Hospital News Roundup for March 3
Community Regional Medical Center on Tuesday opened its new intensive care unit, the Fresno Bee reports.
The hospital has undergone hundreds of millions of dollars in construction as it prepares to absorb hospital services from University Medical Center, a county hospital purchased in 1996. All acute inpatient services, including burn and trauma, by April will relocate to Community (Correa, Fresno Bee, 2/28).
Fremont Hospital in early March will open a new wing that expands the capacity of the psychiatric facility by 16 patient beds, the Oakland Tribune reports.
Ed Burger, the hospital's marketing director, said the 80-bed facility for several years has turned away patients because of space limitations. The new wing took two years to build and will serve only adult patients, according to Burger (Woodall, Oakland Tribune, 2/26).
Kaiser Permanente officials last week said its delayed opening of a new Modesto hospital has been caused partly by scheduling changes and an effort to establish its electronic medical record system at all clinics and hospitals in Northern California, the Modesto Bee reports.
Terry Lightfoot, a Kaiser spokesperson, said within the next year more than half a dozen facilities are scheduled to open. "We want to make sure we have appropriate spacing in opening the facilities," Lightfoot said.
Construction on the Modesto hospital should be completed this summer, but the facility's opening is set for October 2008, one year after the original date.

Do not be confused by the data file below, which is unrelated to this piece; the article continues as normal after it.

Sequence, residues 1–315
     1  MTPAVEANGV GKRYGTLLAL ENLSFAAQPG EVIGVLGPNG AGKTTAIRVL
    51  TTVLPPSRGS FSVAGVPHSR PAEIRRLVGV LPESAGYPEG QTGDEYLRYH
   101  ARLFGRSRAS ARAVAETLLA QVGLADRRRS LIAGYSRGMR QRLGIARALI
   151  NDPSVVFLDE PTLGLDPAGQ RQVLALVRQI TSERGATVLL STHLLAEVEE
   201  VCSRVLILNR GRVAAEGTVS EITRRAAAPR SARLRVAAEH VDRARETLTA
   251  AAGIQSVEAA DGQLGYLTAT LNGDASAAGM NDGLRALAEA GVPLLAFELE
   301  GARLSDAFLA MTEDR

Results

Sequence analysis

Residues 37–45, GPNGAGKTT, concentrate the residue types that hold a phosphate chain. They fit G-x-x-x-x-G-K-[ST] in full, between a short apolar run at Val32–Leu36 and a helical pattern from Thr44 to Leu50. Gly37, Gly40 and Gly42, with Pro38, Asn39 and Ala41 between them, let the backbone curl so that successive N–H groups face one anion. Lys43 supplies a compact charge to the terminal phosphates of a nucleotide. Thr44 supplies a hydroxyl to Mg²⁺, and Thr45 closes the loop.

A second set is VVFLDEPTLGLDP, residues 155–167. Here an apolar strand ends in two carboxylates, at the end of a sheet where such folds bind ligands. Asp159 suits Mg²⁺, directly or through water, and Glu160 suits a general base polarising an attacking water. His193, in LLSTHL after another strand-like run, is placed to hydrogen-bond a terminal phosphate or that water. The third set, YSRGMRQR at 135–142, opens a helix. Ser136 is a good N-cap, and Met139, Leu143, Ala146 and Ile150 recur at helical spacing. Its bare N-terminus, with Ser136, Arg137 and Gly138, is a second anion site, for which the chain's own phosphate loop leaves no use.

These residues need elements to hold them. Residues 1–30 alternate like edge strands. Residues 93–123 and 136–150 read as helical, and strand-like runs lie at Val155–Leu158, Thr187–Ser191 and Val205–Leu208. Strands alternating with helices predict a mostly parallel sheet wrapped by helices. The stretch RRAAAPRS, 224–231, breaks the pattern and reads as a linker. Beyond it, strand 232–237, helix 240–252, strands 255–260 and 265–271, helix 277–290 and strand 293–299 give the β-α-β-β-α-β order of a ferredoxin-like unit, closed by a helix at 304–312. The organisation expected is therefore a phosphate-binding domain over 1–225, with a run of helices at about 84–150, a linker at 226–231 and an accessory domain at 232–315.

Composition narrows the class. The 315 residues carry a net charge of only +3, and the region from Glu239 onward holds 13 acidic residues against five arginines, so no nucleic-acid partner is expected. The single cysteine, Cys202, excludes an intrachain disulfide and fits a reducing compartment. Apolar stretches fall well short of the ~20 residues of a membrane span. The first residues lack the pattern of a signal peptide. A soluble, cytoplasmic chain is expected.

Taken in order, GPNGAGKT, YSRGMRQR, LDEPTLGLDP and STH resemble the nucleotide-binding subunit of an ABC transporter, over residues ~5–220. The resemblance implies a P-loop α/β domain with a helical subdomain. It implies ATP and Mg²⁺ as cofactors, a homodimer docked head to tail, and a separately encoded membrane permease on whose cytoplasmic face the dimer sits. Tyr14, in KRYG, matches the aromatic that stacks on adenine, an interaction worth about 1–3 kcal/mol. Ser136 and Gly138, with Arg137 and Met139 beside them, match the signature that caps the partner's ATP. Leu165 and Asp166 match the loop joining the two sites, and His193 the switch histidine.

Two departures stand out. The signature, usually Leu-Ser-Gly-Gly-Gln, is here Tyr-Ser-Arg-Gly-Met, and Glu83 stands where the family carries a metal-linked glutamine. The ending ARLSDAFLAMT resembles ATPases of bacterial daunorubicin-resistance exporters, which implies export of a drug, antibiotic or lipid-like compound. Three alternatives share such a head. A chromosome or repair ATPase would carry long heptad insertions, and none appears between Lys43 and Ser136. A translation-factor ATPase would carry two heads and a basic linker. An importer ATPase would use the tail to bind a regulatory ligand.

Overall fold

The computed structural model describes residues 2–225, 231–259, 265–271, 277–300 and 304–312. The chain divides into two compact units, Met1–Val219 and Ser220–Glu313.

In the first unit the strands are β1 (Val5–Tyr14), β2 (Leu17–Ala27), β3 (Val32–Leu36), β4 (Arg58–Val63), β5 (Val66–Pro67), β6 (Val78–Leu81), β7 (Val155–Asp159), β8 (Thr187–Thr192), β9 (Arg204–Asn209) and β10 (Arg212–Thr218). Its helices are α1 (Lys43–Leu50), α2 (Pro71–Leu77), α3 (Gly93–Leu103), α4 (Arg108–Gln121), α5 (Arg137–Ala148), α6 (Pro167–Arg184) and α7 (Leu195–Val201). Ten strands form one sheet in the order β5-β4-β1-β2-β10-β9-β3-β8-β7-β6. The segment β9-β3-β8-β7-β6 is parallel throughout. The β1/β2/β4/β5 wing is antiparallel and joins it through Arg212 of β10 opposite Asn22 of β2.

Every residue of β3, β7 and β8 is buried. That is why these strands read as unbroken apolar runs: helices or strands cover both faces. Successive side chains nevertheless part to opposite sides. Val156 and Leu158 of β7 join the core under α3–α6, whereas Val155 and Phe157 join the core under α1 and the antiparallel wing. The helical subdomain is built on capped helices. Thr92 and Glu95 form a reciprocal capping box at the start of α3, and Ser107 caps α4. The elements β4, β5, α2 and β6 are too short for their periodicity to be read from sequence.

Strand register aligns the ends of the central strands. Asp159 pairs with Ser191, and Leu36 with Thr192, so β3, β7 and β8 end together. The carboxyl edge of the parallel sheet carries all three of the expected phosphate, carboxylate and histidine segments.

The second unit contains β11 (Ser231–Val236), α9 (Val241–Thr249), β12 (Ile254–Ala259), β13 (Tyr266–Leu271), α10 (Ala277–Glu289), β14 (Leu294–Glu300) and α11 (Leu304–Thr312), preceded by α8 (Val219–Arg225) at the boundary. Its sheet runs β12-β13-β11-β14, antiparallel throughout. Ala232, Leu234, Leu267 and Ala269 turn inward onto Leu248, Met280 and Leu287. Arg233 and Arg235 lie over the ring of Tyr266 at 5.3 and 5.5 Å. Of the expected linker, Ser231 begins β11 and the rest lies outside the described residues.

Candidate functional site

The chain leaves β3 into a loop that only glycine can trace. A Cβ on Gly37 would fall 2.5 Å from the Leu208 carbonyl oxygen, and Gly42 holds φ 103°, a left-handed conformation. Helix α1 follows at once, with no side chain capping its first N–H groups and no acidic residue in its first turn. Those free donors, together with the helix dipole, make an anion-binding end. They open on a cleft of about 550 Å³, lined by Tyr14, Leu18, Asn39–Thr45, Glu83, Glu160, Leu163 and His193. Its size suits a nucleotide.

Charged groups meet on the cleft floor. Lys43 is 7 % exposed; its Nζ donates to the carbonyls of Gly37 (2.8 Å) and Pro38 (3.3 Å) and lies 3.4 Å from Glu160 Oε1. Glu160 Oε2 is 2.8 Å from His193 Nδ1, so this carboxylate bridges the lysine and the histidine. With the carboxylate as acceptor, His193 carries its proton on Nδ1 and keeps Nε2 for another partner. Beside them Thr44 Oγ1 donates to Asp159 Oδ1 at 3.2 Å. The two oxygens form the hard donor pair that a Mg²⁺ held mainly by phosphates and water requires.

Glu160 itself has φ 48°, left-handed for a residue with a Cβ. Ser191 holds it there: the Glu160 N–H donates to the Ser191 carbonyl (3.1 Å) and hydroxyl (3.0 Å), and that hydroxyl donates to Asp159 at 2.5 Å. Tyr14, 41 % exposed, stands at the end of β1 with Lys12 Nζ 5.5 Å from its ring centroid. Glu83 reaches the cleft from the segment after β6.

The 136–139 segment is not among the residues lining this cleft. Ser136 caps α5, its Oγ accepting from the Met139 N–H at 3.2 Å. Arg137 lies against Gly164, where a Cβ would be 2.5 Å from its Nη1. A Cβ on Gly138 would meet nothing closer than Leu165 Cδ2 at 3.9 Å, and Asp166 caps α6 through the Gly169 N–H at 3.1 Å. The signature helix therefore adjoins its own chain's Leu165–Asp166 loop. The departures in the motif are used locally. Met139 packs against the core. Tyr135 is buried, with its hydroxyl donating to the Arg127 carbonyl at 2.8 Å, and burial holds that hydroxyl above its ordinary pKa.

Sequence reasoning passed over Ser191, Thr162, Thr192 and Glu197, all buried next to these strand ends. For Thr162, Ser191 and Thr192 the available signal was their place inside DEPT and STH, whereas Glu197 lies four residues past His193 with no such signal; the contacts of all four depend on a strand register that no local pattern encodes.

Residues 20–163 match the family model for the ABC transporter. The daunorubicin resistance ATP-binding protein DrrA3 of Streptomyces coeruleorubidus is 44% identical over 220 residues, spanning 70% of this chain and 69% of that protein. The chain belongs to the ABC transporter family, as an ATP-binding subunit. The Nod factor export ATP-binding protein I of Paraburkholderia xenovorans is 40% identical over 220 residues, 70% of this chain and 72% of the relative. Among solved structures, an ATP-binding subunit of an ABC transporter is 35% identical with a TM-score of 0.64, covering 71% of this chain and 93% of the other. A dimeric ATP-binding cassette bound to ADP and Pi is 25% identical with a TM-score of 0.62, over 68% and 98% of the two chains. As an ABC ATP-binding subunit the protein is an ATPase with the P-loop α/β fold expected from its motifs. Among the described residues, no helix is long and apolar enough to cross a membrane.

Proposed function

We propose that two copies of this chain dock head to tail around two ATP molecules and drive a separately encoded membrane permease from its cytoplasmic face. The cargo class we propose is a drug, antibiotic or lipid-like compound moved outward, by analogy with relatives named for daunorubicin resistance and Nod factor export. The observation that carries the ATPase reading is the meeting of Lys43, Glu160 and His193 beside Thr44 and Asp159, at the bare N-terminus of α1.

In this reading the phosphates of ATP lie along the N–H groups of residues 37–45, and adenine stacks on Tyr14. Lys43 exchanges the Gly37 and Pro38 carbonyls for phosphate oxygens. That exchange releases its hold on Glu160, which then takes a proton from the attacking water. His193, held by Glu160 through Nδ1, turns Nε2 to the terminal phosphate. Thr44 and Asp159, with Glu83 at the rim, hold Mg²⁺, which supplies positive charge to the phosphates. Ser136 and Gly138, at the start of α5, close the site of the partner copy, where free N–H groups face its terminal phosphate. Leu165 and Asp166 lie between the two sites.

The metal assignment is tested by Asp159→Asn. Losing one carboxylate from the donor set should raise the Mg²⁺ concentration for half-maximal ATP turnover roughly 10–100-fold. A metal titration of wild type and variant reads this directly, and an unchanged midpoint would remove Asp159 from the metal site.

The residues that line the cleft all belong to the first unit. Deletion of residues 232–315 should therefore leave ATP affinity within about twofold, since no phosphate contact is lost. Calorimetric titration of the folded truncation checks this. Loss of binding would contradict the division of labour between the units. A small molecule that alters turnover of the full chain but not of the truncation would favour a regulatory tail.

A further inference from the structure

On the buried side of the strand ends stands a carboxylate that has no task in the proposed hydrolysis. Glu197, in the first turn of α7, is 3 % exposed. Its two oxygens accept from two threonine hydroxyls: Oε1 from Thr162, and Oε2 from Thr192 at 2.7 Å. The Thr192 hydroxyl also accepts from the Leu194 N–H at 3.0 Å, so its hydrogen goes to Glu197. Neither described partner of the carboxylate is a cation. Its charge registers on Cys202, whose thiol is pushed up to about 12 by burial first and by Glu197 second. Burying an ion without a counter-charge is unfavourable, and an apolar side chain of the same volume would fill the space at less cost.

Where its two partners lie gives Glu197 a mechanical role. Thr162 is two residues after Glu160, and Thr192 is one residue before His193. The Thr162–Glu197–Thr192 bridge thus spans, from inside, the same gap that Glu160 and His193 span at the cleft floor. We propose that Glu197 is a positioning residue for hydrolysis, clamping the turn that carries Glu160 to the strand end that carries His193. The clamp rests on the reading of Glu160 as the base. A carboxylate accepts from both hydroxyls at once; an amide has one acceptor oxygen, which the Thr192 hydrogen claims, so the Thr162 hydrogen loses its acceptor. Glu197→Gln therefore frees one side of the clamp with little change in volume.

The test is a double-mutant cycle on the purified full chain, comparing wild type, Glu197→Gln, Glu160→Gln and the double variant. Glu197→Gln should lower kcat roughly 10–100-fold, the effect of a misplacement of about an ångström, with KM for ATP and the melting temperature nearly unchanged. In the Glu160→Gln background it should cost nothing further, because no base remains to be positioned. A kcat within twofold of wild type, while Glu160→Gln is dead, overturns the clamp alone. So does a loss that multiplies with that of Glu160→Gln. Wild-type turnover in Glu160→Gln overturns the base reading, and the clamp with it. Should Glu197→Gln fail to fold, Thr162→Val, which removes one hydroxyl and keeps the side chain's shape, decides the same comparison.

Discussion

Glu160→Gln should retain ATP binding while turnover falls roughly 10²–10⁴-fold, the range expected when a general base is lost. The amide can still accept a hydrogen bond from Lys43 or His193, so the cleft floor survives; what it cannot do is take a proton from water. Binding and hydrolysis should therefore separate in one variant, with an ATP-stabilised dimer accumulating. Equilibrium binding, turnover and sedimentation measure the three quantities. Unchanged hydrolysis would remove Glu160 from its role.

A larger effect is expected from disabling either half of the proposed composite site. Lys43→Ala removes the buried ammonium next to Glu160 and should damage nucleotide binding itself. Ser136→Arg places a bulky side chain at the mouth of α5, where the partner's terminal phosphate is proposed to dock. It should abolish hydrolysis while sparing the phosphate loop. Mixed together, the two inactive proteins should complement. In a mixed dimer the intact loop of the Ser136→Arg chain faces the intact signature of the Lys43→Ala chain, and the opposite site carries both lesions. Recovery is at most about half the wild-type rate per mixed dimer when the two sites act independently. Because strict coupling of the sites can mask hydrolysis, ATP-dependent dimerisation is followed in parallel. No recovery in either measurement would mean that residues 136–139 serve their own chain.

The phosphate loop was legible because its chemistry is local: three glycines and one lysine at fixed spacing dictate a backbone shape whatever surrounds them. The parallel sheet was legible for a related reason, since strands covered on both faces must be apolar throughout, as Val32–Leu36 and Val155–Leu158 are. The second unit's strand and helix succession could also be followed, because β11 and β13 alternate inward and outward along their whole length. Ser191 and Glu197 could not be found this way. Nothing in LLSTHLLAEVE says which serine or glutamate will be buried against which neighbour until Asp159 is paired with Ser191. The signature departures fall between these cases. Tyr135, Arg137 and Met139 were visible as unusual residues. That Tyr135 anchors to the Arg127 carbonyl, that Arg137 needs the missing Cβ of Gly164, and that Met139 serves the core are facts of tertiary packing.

Lightfoot said the delay was not related to a 66% increase in hospital construction costs, or to Kaiser's operations deficit in the region (Carlson, Modesto Bee, 2/24).
Natividad Medical Center officials last week unveiled a business plan to hospital trustees, county staff and hospital staff that seeks to save the county $27 million in subsidies over the next three years and improve hospital earnings, the Monterey County Herald reports.
According to the plan, county supervisors must transfer management of the hospital to the hospital's board of trustees in a timely matter to turn around the hospital's deficit, projected at $60 million over the next three years (Johnson, Monterey County Herald, 2/23).
The leader of the investor group that attempted to block the sale of Paradise Valley Hospital to Prime Healthcare Services said Wednesday that he will not challenge the attorney general's approval of the acquisition, the San Diego Union-Tribune reports (Darcé, San Diego Union-Tribune, 3/1).
The Paradise Valley Preservation Group offered a rival bid to buy the hospital and maintain its not-for-profit status, but the bid was rejected.
Some community leaders opposing the sale are calling for a federal investigation into the negotiation and approval of the sale (Clark, San Diego Union-Tribune, 2/28).
San Joaquin Community Hospital temporarily will offer free mammograms for women without health insurance or with insurance that has a high deductible for the service, the Bakersfield Californian reports.
Mimi Audelo, foundation director for the hospital, said the program will provide about 300 mammograms through June (Hagedorn, Bakersfield Californian, 2/26).